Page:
The hero's journey
The hero’s journey

The hero’s journey is a framework that identifies the various stages a hero passes through as he/she goes on their adventure. It sees the hero achieve their goal, and in the process of winning that, gain new friends, and become the person they have to be in order to transform from an ordinary person into a heroic figure. The hero’s journey originates from various notions about a great epic story, an ‘original’ story that transcends cultures: the monomyth.

Joseph Campbell’s book The Hero with a Thousand Faces (1949) was the first analysis to coherently rationalise, and popularise, the classical myth form as the hero’s journey. A number of storytelling experts, academics, writing coaches, screenwriting gurus, have built on Campbell’s work, adapting aspects of it, and emphasising specific areas to suit contemporary genres.

In Christopher Vogler’s The Writer’s Journey: Mythic Structure For Writers (2007), a popular screenwriting textbook, the essence of Campbell’s work is simplified for contemporary writers. These, and other, archetypes tend to be highly symbolic, influenced by Jungian notions of the subconscious, internal conflicts, and the persona.

Christopher Vogler’s archetypes:

  1. Hero (sacrifices his needs for others)
  2. Mentor (teaches and protects the hero, may offer a useful gift)
  3. Threshold Guardian (the hero’s first big test, initially menacing, overcome by ingenuity, warns of danger, confirms hero’s commitment to the journey)
  4. Herald (brings news of the challenge, which the hero must solve)
  5. Shapeshifter (pursues their own agenda, sometimes useful, sometimes a traitor, not trustworthy, can be amiable and misdirected, or intentionally evil)
  6. Shadow (the villain, the flip side to the hero, a force for bad)
  7. Ally (friend, companion, helps the hero)
  8. Trickster (joker, provides light relief, challenges the status quo)

The hero may initially appear to be a fool, but will eventually develop his skills and behaviour, to become the respected hero. Alternatively, the hero may be marked out from birth as being a ‘cut above the rest’, destined to take on the role.

The archetypes of Star Wars
The archetypes of Star Wars

The second in charge, will often act as a foil, or contrast with the leader: he or she may initially fight the leader, before joining him or her on the quest. They may have the same common enemy. The magician is the wise one, often a professor or a thinker who has previous experience of the enemy, or monster, and can provide useful advice. The muscle man sees the world simplistically, but has incredible physical strength. The love interest, usually acts to encourage group harmony.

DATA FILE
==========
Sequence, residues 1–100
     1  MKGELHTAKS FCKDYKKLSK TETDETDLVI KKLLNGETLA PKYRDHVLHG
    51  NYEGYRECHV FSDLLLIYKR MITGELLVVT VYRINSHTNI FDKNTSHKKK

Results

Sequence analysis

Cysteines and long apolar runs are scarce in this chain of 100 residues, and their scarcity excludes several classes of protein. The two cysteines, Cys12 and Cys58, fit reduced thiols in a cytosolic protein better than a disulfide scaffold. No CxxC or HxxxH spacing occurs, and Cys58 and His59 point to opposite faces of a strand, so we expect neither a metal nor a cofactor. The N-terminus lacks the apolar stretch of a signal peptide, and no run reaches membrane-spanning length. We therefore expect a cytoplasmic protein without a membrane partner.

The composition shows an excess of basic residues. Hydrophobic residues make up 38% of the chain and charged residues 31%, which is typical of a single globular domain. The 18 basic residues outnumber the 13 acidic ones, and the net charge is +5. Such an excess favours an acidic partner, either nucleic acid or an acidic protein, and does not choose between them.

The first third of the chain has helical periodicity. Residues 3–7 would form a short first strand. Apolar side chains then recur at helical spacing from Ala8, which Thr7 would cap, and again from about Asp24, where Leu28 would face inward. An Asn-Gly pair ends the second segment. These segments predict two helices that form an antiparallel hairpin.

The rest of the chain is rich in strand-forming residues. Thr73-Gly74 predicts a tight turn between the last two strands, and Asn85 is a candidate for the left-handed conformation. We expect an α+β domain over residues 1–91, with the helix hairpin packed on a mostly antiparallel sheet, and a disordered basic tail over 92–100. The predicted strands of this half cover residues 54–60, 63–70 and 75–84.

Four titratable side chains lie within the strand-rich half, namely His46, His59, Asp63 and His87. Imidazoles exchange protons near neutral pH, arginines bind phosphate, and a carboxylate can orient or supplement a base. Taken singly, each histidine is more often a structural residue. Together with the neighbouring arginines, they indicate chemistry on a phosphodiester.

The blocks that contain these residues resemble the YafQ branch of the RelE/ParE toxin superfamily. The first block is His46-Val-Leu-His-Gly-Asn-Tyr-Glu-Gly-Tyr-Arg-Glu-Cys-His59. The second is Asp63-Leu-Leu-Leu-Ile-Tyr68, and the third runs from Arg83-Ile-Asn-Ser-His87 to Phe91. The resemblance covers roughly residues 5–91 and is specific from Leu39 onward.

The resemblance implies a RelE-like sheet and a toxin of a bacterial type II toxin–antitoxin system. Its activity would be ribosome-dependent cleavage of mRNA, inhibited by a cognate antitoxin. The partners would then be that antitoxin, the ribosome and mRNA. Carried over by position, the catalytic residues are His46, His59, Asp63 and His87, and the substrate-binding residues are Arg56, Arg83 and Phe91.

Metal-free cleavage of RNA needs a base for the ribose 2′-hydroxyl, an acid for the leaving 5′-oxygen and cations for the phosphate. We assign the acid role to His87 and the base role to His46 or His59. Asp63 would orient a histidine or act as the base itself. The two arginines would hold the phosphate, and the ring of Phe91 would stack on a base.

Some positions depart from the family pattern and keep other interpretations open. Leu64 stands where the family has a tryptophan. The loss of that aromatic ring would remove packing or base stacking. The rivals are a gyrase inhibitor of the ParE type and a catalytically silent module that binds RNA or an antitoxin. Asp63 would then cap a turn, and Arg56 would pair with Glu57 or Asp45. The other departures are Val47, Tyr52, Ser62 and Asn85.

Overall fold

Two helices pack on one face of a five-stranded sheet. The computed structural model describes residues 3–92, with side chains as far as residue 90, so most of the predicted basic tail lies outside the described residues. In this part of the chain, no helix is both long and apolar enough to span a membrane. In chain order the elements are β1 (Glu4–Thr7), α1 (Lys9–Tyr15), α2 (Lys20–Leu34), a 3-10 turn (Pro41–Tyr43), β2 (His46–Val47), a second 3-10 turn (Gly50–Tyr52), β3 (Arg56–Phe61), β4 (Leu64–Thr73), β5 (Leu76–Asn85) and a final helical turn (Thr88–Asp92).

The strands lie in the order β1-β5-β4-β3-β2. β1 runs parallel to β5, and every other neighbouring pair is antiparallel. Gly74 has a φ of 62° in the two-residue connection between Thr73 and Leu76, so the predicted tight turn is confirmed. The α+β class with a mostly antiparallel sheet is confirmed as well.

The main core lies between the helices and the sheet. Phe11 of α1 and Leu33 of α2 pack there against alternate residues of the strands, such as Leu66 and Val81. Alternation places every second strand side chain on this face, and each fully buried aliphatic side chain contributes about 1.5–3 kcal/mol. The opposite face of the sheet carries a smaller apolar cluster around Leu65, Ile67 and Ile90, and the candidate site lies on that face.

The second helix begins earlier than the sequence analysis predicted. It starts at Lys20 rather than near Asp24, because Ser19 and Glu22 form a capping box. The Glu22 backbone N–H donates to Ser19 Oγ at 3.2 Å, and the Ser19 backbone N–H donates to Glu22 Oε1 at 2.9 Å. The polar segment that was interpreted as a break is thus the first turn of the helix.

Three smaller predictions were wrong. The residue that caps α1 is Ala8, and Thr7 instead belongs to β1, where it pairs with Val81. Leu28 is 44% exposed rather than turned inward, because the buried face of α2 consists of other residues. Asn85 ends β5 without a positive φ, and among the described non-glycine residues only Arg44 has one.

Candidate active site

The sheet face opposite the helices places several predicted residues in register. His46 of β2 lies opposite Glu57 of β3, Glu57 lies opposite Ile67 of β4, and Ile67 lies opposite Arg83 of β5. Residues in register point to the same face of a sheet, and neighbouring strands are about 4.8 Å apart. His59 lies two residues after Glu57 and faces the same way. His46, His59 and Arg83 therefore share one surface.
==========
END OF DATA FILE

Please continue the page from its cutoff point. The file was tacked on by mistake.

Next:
Jungian archetypes
Jungian inspired archetypes

The hero will often have allies with special powers, skills or gifts. These may initially appear pointless, or ineffective, but they turn out to be invaluable to the hero’s success. Along the way, the hero’s allies will also be transformed into heroes of a kind — the coward learns to be brave, the mysterious one reveals himself, the unskilled fighter becomes a warrior. These transformations are akin (but different) to mini coming-of-age stories, which involve self-discovery, but they are not age related.

Christopher Vogler’s stages of the hero’s journey:

  1. The Ordinary World (the hero in his/her everyday life)
  2. The Call to Adventure (the call to action)
  3. Refusal of the Call (the hero’s hesitation, doubt, fear)
  4. Meeting with the Mentor (the hero gains the material resources, information, and confidence to start the adventure)
  5. Crossing the First Threshold (the hero commits to the adventure)
  6. Tests, Allies and Enemies (the hero discovers the journey-world, comes up against challenges, and makes friends and enemies)
  7. Approach to the Innermost Cave (the hero nears the middle of the story, which is the cave: a place for reflection and planning)
  8. The Ordeal (the hero faces the greatest challenge yet and experiences death and rebirth, literal or symbolic)
  9. Reward (the hero experiences the consequences of surviving death / enduring suffering)
  10. The Road Back (going home, or onto another destination / quest)
  11. The Resurrection (the hero’s symbolic death and rebirth, his/ her magical purification as he / she returns to the ordinary world)
  12. Return with the Elixir (the hero possesses a ‘magical’ power that will benefit the world)

Adaptations of Joseph Campbell’s hero’s journey tend to simplify his structure, highlight a specific perspective (like the spiritual journey), or adapt it for a specific genre.